There were other high points for the year. You granted my wish to get some traction going on the Connected Vehicle Services portion of my business. I have to thank you for that. You even had Fiat-Chrysler start shipping the new product on one of their models. I thought that might shut up that Crunching Numbers guy over at Seeking Alpha. He has been making fun of me for the past five years because that $530 million purchase never made the expected revenue targets. Unfortunately, you didn't give him writer's block like I asked for in past years, and while he gave me credit for getting to cash flow break-even, he had the audacity to point out that the revenue from that business was less than $85 million for the first three quarters. That doesn't make me happy.
And, of course, I would like to thank you for finally getting Howard Stern to put out that video product. It's only a couple of years late, but what the heck, it's Christmas and we're all supposed to be happy - at least Howard's fans have something else to be happy about. Now, if it's not too much to ask, how about giving me some instructions about how to make money from that egotistical, primadonna's video product. I'm sorry if I sound a bit ungrateful, but at times you really get me upset, and I'm simply trying to earn a buck while making everyone happy. Again, isn't that what Christmas is all about - spreading peace and joy?
As to being upset, you screwed me late last year with that massive 40% royalty increase that was handed down by the Copyright Royalty Board a week before Christmas. And it wasn't just me. There were lots of others that were unhappy. My bosses over at Liberty weren't happy. My subscribers weren't happy because I had to raise the cost for their subscriptions. (You didn't think I would have my company eat that increase, did you?) My shareholders weren't happy when the share price tanked on the announcement of that decision...
And speaking of that share price... you really have a mean streak for someone often referred to as "That jolly old elf". Are you smiling all the time because you keep thinking of new ways to screw with me? Last year the share price got up to $5.89 before tanking by the end of the year. Then, you played around some more with my emotions. First, you send the price to that $7.70 high this past summer. It must have occurred during your vacation when the elves were in control.
Now, just in time for Christmas, we're down to $5.59. That's even less than the $5.89 2017 summer high. What have I done to deserve this? I'm just trying to bring joy and gladness to everyone. Isn't that what the Christmas season is all about? Well, that and the holiday shopping that drives our economy and keeps people working... where was I going with this? Oh, I remember. Santa, you're really not doing your part.
These sudden share price drops make everyone sad (well, everyone but those blood-sucking short sellers)... They make me look very bad to my bosses over at Liberty Media. They make me look very foolish after I was bragging to my shareholders about increasing the dividend by 10%, something that would have made them happy if you hadn't taken their joy away with those massive share price declines.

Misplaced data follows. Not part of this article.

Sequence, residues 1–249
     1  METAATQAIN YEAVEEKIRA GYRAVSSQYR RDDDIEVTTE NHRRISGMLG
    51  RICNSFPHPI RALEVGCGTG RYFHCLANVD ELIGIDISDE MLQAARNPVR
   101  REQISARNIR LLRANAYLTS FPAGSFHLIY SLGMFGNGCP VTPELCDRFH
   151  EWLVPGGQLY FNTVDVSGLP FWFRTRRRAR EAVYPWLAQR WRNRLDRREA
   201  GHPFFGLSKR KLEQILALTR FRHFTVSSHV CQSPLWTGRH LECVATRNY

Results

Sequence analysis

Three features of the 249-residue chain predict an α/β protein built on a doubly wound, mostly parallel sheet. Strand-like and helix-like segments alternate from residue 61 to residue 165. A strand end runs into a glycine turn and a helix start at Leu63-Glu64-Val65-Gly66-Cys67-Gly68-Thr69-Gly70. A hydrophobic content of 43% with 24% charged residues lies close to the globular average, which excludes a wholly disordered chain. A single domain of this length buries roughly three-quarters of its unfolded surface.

Sure, Santa, you gave me another little present when you allowed me to buy that PayTollo stocking stuffer, but what the heck were you thinking when you had Liberty force me to buy Pandora Media (P)? What am I supposed to do with that money losing, streaming music, jukebox that sticks ads into their playlists? For years we said that Sirius would always provide ad-free music. Now it will only cause confusion for my wonderful subscribers and shareholders.
And, of course, issuing all those shares to Pandora stockholders dilutes my current shareholders. I just know that the Crunching Numbers guy is waiting to pounce on me and my company when we first have to report consolidated results. Maybe you could have the government squash the acquisition as being anti-competitive? But PLEASE, don't tell my bosses over at Liberty that I can't figure out how to turn that business around. That would give them the perfect excuse not to give me another one of those sweet one-year, $10 million contract extensions. Even if I don't get extension this coming year, I would like to thank you for that three-year consulting agreement at $2.2 million per year that would kick in.
CEO Sirius XM Holdings
P.S. This is Mr. Meyer's administrative assistant. I feel badly when I saw my boss's picture in the annual report. All the executives at Liberty Media wear these nice dress shirts and ties and Mr. Meyer's pictures in the annual reports show him never wearing any tie. I know that asking for a Christmas tie must seem like a cliche, but it would be great if you could have one custom made for my boss, especially if it included this image of the cute little Sirius dog:
End of Letter.
Do I have spies at Sirius headquarters, or think Meyer believes in Santa Claus, or that his administrative assistant would have the audacity to stick a paragraph at the end of his correspondence. Of course not.
Do I think this might be a good time to go long with Sirius? Well, for one thing, there's the potential for a Santa Claus rally. Aside from that, there could be, especially if Santa can inspire Sirius execs to find some quantifiable synergies with their Pandora acquisition. However, to play it very safe, there could also be some very nice returns for those wishing to go a more conservative route. Go long and simultaneously sell a long-term covered call with a $5.50 or $6 strike price.
Finally, did I have fun writing this? Absolutely! I also hope that at least a few of you enjoy it as well. Regardless, as that Clement Clarke Moore poem concludes:
But I heard him exclaim, ere he drove out of sight,
“Happy Christmas to all, and to all a good-night.”
Disclosure: I am/we are long SIRI. I wrote this article myself, and it expresses my own opinions. I am not receiving compensation for it (other than from Seeking Alpha). I have no business relationship with any company whose stock is mentioned in this article.